I watched on Twitter as word of the deal first began to come in. Several of us, on a short vacation in Chicago, had tracked the negotiations on the Internet as the day wore on, hoping that a deal could be done to keep 800,000 federal workers, and the entirety of the government of DC, in their jobs and postpone a government shutdown that would have radically affected day to day life in the District of Columbia.
The deal, from the perspective of many in the 50 states, appears to be one that many can stomach, wherein policy riders that are socially divisive were set aside in favor of $39B+ in cuts in federal spending. The deal also contains riders that strip the District of Columbia of the right to determine their own local policies based on the desires of her residents. Two riders attached to the bill have direct affect on local policies, but were not approved by any body of residents and voters, and were enacted over the significant objections of the elected delegate to the House.
The first of these riders would allow for federal money to be spent on private school vouchers for children in DC that apply for them and can demonstrate need. The vouchers are a return to an earlier program that had been stripped by President Obama upon his inauguration in 2009, and was a favorite of Republicans. School vouchers remain fairly controversial
The second of these riders bans the use of locally collected tax dollars to pay for abortions for poor women in the District of Columbia. With two riders associated with the deeply controversial and divisive issue of abortion, it’s no surprise that when the Democrats had to pick one to save, they chose the issue that would help the larger number of people.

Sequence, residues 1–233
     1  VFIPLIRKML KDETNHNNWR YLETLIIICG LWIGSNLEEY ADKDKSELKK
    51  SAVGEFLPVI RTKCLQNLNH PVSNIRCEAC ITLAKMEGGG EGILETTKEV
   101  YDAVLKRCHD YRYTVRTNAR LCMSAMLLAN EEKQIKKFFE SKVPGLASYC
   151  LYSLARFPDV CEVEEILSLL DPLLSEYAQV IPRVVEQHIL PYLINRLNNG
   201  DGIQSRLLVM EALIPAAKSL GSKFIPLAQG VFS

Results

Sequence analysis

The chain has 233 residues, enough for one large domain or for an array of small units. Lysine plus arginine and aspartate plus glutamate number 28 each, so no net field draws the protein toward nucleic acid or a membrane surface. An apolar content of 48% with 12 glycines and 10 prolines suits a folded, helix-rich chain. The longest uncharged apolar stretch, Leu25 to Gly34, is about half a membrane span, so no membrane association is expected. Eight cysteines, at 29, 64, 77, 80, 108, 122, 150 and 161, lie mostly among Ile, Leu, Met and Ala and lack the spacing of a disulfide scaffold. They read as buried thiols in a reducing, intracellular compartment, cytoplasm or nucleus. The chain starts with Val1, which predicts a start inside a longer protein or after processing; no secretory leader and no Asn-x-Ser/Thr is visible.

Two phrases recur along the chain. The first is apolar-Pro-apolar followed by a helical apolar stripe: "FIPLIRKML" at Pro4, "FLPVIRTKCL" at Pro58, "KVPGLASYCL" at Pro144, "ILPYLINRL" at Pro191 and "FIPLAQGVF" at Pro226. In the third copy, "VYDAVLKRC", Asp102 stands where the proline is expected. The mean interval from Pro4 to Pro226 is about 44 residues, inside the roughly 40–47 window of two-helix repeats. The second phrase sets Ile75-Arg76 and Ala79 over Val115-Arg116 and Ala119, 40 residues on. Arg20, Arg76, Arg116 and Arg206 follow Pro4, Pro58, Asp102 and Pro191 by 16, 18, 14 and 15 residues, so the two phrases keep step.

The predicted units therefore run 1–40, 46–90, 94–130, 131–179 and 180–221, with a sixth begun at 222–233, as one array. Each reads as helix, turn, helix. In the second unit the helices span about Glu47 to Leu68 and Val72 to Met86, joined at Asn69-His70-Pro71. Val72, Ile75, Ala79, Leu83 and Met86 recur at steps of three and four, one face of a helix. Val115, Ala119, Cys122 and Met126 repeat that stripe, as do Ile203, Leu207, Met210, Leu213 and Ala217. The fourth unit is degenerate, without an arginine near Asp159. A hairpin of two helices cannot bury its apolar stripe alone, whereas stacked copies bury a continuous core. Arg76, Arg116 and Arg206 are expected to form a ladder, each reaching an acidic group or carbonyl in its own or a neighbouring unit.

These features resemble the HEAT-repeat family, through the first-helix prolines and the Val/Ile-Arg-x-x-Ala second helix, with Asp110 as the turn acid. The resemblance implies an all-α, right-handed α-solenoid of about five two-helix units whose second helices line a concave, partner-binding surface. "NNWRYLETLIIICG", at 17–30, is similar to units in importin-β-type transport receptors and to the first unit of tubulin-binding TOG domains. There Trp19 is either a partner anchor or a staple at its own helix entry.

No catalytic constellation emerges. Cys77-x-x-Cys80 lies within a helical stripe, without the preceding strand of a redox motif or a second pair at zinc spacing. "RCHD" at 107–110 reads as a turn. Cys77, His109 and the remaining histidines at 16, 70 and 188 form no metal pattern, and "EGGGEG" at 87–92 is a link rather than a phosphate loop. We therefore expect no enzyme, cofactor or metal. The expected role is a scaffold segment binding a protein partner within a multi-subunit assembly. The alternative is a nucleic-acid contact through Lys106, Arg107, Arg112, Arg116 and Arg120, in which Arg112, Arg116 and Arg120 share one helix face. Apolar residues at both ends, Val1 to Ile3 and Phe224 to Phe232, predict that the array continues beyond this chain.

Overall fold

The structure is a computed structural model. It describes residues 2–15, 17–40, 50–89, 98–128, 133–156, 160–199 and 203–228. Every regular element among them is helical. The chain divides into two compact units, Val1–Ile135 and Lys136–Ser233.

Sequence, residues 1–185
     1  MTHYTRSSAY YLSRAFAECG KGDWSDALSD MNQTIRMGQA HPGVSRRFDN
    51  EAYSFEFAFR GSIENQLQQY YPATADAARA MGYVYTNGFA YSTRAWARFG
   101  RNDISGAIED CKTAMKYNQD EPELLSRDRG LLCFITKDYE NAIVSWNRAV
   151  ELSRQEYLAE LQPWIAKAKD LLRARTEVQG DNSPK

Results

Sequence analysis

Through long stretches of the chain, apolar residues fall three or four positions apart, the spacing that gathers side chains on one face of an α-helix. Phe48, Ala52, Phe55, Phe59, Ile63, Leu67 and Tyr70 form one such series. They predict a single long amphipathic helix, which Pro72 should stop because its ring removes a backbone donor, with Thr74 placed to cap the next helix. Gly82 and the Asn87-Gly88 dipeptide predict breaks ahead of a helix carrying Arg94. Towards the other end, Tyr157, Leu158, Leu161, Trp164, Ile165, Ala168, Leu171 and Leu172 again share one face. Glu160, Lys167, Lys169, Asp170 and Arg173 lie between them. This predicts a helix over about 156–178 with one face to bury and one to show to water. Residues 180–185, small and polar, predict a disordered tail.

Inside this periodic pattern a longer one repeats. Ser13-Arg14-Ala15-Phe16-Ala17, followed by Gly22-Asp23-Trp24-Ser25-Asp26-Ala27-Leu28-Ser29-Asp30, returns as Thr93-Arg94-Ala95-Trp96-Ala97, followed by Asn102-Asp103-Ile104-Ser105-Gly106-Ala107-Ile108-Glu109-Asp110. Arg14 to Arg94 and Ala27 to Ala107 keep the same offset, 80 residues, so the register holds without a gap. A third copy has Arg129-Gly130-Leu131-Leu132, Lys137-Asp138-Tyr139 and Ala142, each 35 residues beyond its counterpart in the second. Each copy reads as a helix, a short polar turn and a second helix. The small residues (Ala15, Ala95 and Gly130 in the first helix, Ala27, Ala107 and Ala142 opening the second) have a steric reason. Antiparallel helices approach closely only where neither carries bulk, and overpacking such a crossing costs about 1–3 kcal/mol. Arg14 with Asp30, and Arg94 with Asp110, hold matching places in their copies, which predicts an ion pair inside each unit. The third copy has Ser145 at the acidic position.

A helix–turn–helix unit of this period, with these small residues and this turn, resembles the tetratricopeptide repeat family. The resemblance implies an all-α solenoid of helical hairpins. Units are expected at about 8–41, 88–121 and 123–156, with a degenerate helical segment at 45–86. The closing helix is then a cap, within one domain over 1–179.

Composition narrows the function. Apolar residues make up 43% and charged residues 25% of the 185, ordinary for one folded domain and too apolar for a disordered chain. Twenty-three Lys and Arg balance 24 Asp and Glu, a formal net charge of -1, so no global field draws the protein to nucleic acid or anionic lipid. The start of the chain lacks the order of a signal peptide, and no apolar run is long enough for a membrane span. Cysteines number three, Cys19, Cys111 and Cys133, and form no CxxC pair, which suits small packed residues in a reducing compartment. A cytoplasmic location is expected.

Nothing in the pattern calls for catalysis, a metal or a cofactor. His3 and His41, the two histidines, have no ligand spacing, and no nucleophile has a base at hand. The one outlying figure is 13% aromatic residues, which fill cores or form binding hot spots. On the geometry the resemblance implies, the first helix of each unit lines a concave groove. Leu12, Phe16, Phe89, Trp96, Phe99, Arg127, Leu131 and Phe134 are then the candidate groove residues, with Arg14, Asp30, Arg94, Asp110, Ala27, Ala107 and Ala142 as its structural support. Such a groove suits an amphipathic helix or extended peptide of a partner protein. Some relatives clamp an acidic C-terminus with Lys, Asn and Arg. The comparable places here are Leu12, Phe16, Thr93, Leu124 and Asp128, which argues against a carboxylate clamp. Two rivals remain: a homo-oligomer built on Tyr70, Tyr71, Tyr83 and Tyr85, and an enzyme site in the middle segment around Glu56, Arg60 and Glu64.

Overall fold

It’s not currently clear if a rider has been attached to the six-month continuing resolution that would stop the District’s nascent medical marijuana program, or funding for a needle exchange program, but those were both mentioned as potential bones to throw to the conservatives in order to broker a deal.
Looking at the deal, and the situation, I can certainly understand the willingness of the Democratic leadership to use DC as a chit to be bargained with. DC has a massive base of voters who are unlikely to switch parties, and even less likely to do anything in defense of their situation. This is made worse by the District’s status as a federal colony, as none of the people who stick up for the District in the federal body have any sort of legal say over the process that occurs.
There are a lot of people angry today over the issue, and that’s certainly no surprise. There were not, however, a lot of options that made the District’s funds and funding choices sacrosanct to the President or the Democratic leadership, and out of an abundance of caution with regard to the shutdown, they decided to sacrifice the will of the people of the District of Columbia for an agreement.
It is long past time that the District had a bigger role in self-determination, and that our local tax dollars not be subject to the whims of representatives from far afield. The path, however, to such independence is far from clear, certainly fraught with peril, and there is no clear agreement as to what that role would look like. Perhaps the events of the shutdown and the deal that was cut will cause those in leadership roles in this city to look toward a new movement for District representation rights.
This morning Mayor Gray said, “DC’s right to govern itself has once again been sacrificed on the altar of political expediency.” He couldn’t be more right.